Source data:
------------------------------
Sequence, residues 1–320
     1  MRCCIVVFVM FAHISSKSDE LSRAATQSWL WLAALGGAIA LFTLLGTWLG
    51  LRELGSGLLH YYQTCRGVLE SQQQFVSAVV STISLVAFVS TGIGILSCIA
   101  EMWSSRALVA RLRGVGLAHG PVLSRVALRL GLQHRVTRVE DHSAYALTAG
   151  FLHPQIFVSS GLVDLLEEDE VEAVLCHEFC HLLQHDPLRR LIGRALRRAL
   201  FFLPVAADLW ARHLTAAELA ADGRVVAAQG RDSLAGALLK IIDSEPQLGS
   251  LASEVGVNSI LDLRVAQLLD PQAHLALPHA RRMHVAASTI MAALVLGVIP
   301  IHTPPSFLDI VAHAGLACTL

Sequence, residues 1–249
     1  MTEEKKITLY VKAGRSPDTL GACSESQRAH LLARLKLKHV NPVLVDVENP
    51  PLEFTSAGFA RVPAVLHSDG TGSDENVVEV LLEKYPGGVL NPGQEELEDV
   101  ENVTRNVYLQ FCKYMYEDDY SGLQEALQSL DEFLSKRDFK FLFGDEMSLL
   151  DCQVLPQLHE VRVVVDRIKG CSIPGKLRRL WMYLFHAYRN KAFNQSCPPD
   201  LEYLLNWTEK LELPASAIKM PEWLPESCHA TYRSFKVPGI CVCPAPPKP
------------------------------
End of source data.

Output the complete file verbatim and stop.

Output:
Sequence, residues 1–320
     1  MRCCIVVFVM FAHISSKSDE LSRAATQSWL WLAALGGAIA LFTLLGTWLG
    51  LRELGSGLLH YYQTCRGVLE SQQQFVSAVV STISLVAFVS TGIGILSCIA
   101  EMWSSRALVA RLRGVGLAHG PVLSRVALRL GLQHRVTRVE DHSAYALTAG
   151  FLHPQIFVSS GLVDLLEEDE VEAVLCHEFC HLLQHDPLRR LIGRALRRAL
   201  FFLPVAADLW ARHLTAAELA ADGRVVAAQG RDSLAGALLK IIDSEPQLGS
   251  LASEVGVNSI LDLRVAQLLD PQAHLALPHA RRMHVAASTI MAALVLGVIP
   301  IHTPPSFLDI VAHAGLACTL

Sequence, residues 1–249
     1  MTEEKKITLY VKAGRSPDTL GACSESQRAH LLARLKLKHV NPVLVDVENP
    51  PLEFTSAGFA RVPAVLHSDG TGSDENVVEV LLEKYPGGVL NPGQEELEDV
   101  ENVTRNVYLQ FCKYMYEDDY SGLQEALQSL DEFLSKRDFK FLFGDEMSLL
   151  DCQVLPQLHE VRVVVDRIKG CSIPGKLRRL WMYLFHAYRN KAFNQSCPPD
   201  LEYLLNWTEK LELPASAIKM PEWLPESCHA TYRSFKVPGI CVCPAPPKP